To begin with, don’t be hung up on the exact job description with a “certain amount of years” of experience coming from a particular industry. Such job descriptions are usually written for men and act as a hurdle.
First, analyze whether your company is creating an opportunity for women to come onboard. This whole expecting to be “experienced enough” is a bit of a hindrance.
The solution is to reframe this narrative and attract women by creating real career opportunities. Also, you need to change the expectations for the role.
“Years of experience” is just like a college degree in an application – it doesn’t matter. There’s simply a ZERO correlation between a college degree, level of experience, and results.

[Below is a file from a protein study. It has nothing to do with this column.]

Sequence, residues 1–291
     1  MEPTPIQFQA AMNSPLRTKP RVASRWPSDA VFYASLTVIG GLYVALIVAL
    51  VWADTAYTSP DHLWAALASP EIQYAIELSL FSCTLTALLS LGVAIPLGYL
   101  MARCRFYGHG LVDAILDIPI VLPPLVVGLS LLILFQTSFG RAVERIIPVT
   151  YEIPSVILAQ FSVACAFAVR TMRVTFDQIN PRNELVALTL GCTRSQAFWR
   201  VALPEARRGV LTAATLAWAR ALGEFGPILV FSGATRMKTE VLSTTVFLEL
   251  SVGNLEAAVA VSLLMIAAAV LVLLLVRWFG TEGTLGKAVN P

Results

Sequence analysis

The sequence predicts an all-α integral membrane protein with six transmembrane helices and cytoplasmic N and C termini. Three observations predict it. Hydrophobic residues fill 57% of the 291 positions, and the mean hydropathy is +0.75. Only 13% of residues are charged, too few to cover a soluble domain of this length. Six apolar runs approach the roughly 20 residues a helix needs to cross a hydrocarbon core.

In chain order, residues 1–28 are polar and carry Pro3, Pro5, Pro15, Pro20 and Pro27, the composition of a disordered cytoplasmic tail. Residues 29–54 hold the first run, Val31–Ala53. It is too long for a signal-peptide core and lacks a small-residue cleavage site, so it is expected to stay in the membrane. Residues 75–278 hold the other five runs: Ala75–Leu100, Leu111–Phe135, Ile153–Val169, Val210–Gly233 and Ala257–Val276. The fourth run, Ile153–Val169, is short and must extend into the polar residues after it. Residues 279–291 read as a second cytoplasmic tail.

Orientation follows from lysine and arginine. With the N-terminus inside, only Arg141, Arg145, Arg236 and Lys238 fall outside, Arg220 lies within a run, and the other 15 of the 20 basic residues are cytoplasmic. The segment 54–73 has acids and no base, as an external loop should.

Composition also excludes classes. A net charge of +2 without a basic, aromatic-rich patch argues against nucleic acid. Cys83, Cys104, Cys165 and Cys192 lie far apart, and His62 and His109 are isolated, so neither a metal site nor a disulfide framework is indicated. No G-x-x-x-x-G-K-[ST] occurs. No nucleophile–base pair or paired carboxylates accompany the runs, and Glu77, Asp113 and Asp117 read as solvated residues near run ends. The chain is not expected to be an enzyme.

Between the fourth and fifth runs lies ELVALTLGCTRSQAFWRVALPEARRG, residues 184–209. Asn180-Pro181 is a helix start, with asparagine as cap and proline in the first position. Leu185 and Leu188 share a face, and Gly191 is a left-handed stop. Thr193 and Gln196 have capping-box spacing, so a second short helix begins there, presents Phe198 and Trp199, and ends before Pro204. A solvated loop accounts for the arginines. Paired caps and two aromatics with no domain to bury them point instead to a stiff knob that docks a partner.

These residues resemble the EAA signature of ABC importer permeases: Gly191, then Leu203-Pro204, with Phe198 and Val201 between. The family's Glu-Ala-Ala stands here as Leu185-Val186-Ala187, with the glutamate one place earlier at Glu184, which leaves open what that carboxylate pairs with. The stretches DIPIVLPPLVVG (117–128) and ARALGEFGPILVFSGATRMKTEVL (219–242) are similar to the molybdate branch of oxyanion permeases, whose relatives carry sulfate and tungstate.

Most industries have matured after the last Silicon Valley bubble. There has been enormous learning at each level.
Salespeople today are looking for real opportunities with a healthy work-life balance. They’re looking for a stable career with rapid upward growth.
In the current environment, there has to be a value alignment between what you offer and the salesperson you want to hire. Prospective candidates want to work with a boss whom you can respect and a brand in which they believe.
The digital age is allowing us to do that more and more. So don’t get stuck behind a logo and stay ready to bring in the human element in your hiring processes. That’s what matters in the end.
And now we’d like to hear what you have to say,
What’s your main takeaway lesson from today’s post?
Or maybe you have a question.
Either way, please go ahead and leave a comment below with your thoughts.